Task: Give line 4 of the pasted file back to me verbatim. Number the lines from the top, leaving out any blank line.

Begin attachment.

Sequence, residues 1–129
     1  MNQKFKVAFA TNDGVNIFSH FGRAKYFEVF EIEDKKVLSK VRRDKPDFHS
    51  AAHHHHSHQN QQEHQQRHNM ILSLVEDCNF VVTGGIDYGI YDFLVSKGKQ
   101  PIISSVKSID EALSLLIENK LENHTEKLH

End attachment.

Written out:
   101  PIISSVKSID EALSLLIENK LENHTEKLH